The Community Foundation’s Nonprofit Directory lists 208 nonprofits based in Teton County. Which raises the question: Why? As in: “Why do nonprofits exist at all?” The immodestly named Schechter’s Spectrum of Economic Activities suggests an answer.

Why do nonprofits exist?

Economies produce the goods and services humans need and want. In America, the private sector produces those goods and services that can be sold for more than they cost to produce, i.e., those products that can make a financial profit.

Not everything humans need and want can be made profitably, though. To produce non-profitable goods and services, we first look to government, which builds infrastructure, runs the military and police, fights fires, operates schools and the like.

After government has done its work, though, there are still goods and services that businesses can’t profitably make and governments don’t choose to provide. These are either provided by the nonprofit sector or not provided at all.

Hence Jackson Hole’s large number of nonprofits. As America’s most libertarian state, Wyoming places significant legal and financial constraints on what government can do. Yet for reasons ranging from our extreme wealth and income inequality to our extraordinary ecological health, Jackson Hole has a large number of needs and wants the private sector won’t address and the public sector doesn’t have the money to address. (See “Schechter’s Spectrum of Economic Activities.”)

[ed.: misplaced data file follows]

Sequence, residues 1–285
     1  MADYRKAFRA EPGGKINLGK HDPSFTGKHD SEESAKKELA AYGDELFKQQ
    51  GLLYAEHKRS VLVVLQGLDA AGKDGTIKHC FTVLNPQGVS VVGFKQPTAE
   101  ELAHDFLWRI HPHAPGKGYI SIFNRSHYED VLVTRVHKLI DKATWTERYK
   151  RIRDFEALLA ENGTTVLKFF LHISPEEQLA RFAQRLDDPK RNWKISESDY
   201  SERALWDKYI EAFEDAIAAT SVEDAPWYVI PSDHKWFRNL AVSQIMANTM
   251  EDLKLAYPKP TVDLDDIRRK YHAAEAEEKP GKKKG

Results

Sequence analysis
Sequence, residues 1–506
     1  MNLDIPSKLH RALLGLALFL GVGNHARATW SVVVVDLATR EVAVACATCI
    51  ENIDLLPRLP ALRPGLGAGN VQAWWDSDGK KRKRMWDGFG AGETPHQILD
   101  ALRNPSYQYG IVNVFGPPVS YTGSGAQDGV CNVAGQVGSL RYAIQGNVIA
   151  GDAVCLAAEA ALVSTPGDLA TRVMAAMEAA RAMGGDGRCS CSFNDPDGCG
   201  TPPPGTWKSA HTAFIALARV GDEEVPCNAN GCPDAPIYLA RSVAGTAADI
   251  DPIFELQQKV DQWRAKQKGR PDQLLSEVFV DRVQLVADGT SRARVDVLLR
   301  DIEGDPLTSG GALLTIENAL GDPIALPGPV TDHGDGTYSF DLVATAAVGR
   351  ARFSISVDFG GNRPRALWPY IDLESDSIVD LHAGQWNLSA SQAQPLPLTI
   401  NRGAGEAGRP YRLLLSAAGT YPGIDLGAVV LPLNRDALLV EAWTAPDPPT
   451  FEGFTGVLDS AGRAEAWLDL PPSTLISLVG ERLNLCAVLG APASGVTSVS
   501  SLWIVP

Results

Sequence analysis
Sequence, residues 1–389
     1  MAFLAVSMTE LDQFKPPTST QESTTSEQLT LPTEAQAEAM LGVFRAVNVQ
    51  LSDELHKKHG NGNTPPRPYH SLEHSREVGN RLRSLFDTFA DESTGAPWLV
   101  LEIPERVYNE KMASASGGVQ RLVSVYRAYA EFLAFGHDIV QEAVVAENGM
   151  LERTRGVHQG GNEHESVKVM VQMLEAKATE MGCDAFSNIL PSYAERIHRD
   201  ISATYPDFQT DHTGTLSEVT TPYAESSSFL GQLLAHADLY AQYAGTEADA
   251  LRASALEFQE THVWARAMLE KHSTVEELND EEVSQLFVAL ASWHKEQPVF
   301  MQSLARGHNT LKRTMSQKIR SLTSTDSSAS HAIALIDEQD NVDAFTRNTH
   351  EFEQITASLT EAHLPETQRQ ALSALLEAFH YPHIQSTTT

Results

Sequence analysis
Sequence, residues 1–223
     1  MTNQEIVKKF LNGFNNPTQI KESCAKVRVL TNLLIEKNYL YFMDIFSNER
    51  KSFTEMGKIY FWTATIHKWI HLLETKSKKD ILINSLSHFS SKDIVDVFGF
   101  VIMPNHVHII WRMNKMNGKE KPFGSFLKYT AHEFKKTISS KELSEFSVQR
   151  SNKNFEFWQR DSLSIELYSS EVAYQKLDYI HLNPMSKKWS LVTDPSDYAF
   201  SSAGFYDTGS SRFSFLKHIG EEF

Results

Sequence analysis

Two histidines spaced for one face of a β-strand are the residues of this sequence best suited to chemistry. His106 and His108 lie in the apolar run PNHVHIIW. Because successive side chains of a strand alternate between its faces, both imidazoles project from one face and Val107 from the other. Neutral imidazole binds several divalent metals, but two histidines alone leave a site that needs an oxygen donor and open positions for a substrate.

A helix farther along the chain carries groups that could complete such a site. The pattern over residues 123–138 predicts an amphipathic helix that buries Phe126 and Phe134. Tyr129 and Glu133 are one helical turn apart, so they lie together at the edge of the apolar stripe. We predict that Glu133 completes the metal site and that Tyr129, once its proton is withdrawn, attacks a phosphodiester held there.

Assessing business success

Underlying Schechter’s Spectrum is the concept of financial profit.

For two reasons, financial profit is the most powerful economic concept in the world: It’s easy to understand, and it’s easy to use. As a result, from the world’s biggest corporation to a neighborhood lemonade stand, every economic entity in the world calculates its financial profit.

As a further result, financial profit is the universal metric for judging the success of a business. A successful business sells products for more than it costs to produce them; an unsuccessful business doesn’t. A successful business’s financial profit this year exceeds last year’s; an unsuccessful business’s doesn’t. And so on.

What about products that lose money? From a business perspective — i.e., from a financial profit perspective – we know they’re losers. That’s why we ask the public or nonprofit sectors to provide them. But how, then, do we judge the products we know will lose money? More importantly, how do we judge the organizations that produce them? If financial profit isn’t a good or fair tool, what is?